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dc.creatorHamilton, Richard
dc.date.accessioned2007-11-02T21:20:10Z
dc.date.available2007-11-02T21:20:10Z
dc.date.issued2007
dc.identifier.urihttp://hdl.handle.net/1811/29417
dc.descriptionResearch project funded in academic years 2006-07, 2007-08, and 2008-09en
dc.descriptionThe University Archives has determined that this item is of continuing value to OSU's history.en
dc.description.abstractThe success of the Marxist doctrine poses an important problem: Given the failure of its major propositions, the persistence of capitalism, and the absence of workingclass revolutions in capitalist countries, how did Marxism gain such wide influence? In this project, Hamilton sets out to answer this question by considering three things. First, he assesses the major propositions of Karl Marx and Frederick Engels. Second, he reviews Marx and Engels’ political activities to test their arguments about theory and practice. Finally, he examines subsequent analyses of Marx and Engels’ work.en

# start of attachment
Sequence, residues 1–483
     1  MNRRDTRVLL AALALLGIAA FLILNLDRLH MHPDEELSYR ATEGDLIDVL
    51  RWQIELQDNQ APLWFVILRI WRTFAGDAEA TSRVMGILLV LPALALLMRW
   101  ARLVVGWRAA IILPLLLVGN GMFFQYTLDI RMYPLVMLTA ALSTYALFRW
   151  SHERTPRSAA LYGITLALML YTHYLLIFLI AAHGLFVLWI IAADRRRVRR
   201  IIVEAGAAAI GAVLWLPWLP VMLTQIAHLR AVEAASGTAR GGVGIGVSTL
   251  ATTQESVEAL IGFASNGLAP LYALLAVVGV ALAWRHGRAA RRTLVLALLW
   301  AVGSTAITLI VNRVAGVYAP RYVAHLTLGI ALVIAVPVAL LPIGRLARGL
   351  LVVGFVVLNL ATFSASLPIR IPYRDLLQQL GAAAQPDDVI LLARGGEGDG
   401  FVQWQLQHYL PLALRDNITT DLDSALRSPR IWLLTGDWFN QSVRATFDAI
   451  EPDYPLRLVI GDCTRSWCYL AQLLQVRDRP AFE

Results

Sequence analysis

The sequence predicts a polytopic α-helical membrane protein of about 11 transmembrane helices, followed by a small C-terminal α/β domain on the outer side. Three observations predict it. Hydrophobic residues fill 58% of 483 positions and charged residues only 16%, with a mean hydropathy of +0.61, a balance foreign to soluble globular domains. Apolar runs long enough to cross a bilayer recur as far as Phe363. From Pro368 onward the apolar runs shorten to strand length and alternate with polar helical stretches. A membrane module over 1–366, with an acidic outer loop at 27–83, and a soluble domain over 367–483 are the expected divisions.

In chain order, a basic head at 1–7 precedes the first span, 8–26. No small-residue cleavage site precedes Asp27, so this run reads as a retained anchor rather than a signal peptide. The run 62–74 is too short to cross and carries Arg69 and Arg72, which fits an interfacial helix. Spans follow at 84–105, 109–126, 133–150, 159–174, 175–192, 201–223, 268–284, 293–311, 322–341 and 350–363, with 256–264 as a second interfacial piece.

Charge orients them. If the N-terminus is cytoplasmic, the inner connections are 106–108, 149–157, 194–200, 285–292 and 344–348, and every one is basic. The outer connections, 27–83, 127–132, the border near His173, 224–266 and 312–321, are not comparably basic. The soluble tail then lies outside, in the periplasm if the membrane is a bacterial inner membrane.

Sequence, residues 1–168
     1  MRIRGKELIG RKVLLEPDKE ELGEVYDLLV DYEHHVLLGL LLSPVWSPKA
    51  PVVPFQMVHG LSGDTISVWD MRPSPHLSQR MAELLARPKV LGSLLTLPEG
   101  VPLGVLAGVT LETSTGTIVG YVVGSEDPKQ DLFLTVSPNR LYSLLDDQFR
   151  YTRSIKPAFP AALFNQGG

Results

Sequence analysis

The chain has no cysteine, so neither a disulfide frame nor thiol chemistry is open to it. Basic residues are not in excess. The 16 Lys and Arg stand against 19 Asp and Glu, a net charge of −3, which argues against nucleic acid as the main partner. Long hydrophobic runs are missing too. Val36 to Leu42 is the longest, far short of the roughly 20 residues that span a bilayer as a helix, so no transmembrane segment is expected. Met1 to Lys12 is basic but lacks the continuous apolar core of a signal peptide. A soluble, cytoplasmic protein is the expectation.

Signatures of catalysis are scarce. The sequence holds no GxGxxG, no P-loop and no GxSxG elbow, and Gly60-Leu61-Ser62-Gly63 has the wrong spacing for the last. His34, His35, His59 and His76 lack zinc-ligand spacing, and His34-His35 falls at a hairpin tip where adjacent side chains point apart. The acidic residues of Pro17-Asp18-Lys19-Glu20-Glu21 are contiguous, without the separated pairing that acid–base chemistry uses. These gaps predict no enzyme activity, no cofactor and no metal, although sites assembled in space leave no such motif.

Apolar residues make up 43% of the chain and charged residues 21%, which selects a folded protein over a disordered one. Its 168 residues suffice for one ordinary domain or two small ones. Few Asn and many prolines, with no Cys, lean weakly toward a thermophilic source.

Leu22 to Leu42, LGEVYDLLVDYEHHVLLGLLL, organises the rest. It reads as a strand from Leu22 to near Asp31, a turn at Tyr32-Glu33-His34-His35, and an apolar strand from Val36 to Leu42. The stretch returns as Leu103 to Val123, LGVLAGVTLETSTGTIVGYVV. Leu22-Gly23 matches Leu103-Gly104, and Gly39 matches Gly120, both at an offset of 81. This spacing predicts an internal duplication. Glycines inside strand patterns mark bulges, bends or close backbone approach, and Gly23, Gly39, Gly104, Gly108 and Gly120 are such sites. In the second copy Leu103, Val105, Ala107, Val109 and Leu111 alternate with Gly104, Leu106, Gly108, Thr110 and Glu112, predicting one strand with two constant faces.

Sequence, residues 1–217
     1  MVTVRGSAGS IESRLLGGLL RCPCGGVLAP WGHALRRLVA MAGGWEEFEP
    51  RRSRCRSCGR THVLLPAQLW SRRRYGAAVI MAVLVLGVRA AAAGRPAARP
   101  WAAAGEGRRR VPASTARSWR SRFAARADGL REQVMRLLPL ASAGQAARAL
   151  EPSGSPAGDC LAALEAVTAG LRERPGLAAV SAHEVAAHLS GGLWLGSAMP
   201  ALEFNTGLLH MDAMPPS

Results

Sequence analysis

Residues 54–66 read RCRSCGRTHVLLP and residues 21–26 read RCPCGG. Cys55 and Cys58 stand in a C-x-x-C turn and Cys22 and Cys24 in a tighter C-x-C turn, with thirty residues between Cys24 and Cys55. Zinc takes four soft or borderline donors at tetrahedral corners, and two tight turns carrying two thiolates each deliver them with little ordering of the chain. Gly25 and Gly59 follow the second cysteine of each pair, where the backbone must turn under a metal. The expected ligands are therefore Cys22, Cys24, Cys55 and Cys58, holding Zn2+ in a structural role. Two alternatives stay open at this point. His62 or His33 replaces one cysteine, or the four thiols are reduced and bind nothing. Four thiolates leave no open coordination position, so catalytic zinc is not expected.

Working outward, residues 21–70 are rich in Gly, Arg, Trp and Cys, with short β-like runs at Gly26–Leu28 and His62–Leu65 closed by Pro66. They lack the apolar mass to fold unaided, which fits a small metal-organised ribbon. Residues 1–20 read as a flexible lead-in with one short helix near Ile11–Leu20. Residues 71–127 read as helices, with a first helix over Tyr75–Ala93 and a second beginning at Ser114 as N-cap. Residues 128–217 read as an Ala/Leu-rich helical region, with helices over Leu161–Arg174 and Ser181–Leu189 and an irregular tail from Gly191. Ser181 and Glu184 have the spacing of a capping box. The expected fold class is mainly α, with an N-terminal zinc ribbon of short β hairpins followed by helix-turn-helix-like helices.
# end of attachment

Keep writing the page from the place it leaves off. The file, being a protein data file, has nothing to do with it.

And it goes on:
dc.description.sponsorshipMershon Center for International Security Studiesen
dc.description.tableofcontentsProject summaryen
dc.format.extent86001 bytes
dc.format.mimetypeapplication/pdf
dc.language.isoen_USen
dc.relation.ispartofseriesMershon Center for International Security Studies. Research Projects. Ideas, Identities and Decisional Processes that Affect Securityen
dc.subjectpolitical ideologyen
dc.subjectKarl Marxen
dc.subjectMarxism
dc.titleThe Marxist Rhetoric- On the Relationship of Practice and Theoryen
dc.typeOtheren


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